Panasonic Lumix DMC-TZ5K for a beginner?


TPF Noob!
Mar 21, 2009
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New member, new to digital photography. I'd like to find an intuitively useful camera for under 200 USD. My priorities are ease of use, dependability, and image quality (color accuracy and definition). I'm not interested at all in "bells and whistles". I've read a couple of days worth of reviews and this looks like a very good deal....
On Time Digital
May I ask in these fori/forums/fora if ontimedigital is a trustworthy source? I hate to have 'you get what you pay for' ringing in my ears after getting burned online. It has happened before. But sometimes, a good deal is, after all, a good deal... after all.

Otherwise, any comment on the camera itself?

Thanks so much for any comment.

That's a great camera for a beginner, and Panasonic cameras have awesome zoom ranges...
One of the things I seem unable to get clear is what possible compromise is presented by the wide angle capability. I anticipate needing a camera for close up (macro?) shots of things like fine machinery, electronic circuit boards, and close up images of tig welding work. I noticed that this camera has options for magnetically attached lenses. Am I limiting my ability to do macro work with such a camera?
I would personally say a D40 with a 60 micro, if you want to take photos outside of work.
The TZ5 is a great camera; is NOT at all a reputable camera dealer. check out before buying, or just find one on (or even ebay would be better than a bait & switch operation like ontimedigital). You can do macro work with the TZ5. I don't own that camera but I helped a friend of the family buy one and I used it for a week before handing it over. Panasonics I personally have owned include a FZ7, an FX35 and an FX55. The FZ7 is old and doesn't have a wide angle lens, but it has incredible zoom and it is great in low light situations. It also has manual settings. It is a little bulky for a non-dslr though. I'd recommend looking into one of the newer versions of the FZ if you are interested in a superzoom, like the FZ8 or FZ18. The FX35 doesn't have a long zoom, but it is very wide at 25mm, and it is a faster lens than the the one on the TZ5. The FX55 is a lot like the FX35 but it's not quite as wide (28mm) but has a bigger screen (3 inch, like on the TZ5). It is also older than the FX35 (more similar to the older FX33) and I have noticed the FX35 had a much better interface and smarter iA mode. The FX models don't have manual settings for shutter speed or aperture, but they do have scene modes and the iA (intelligent auto) setting is very good, especially on the FX35 (and probably the newer FX37, which has a longer zoom yet still starts at 25mm). Unfortunately, I let my sister have the FX35 when her old camera started acting up, but at least she has been using it more than I was and she even has the whole wide angle shot thing down for the most part (assumingly without even reading about wide angle techniques).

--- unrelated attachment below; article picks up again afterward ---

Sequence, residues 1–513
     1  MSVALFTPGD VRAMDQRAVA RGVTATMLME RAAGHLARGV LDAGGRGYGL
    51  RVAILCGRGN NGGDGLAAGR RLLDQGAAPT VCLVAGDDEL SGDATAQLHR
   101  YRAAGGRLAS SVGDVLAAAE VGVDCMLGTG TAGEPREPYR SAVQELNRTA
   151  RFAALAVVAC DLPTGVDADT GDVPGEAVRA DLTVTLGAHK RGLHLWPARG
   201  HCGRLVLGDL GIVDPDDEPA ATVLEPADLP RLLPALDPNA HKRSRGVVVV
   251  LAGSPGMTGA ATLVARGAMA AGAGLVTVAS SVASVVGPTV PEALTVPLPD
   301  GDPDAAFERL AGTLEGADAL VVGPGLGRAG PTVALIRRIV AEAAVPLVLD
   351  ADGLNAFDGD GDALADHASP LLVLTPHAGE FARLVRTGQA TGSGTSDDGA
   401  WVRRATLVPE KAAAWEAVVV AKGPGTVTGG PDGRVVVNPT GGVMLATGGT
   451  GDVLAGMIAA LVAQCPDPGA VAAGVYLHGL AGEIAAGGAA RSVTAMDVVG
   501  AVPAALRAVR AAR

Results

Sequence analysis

I have nothing but praise for my FZ20PP. It was my introduction to the more versatile digitals. I've yet to find it necessary to 'graduate' to a full DSLR, though the price of the better ones and their associated lenses is not a barrier for me.

Tip: These rigs have more features than a politician has excuses. At first the options available to you will be overwhelming. The instruction book will read like Sanskrit. Do not fear. First learn how to get the camera working in an 'automatic' non-manual mode and start taking pictures. Then, set yourself the goal of learning one (1) new feature every week. Shoot enough pictures with each newly-learned option to fix it in your mental 'tool kit'. With time and patience, you'll come to know the rig like an old friend.

[And don't forget to figure in the additional cost of spare chips and batteries.]
I've read a couple of days worth of reviews and this looks like a very good deal....
On Time Digital


On Time Digital - - Reviews, Ratings and Prices at ResellerRatings

They are crooks and their prices are bogus. Do NOT, under any circustances, get drawn into their scam by their deceptively low prices.

Stick to retailers with a good reputation., B&H and my personal favorite Adorama. There are others, but you'll be hard pressed to top the prices or service from these dealers.

It would seem $240 is a realistic price for the camera.

[ame=] Panasonic Lumix DMC-TZ5S 9MP Digital Camera with 10x Wide Angle MEGA Optical Image Stabilized Zoom (Silver): Electronics[/ame]
I always get a kick out of looking through On Time Digital's "deals" lists.

Check this out.

A 1Ds Mark III ($7000 camera) for only $4k!!! And check out their "pro package".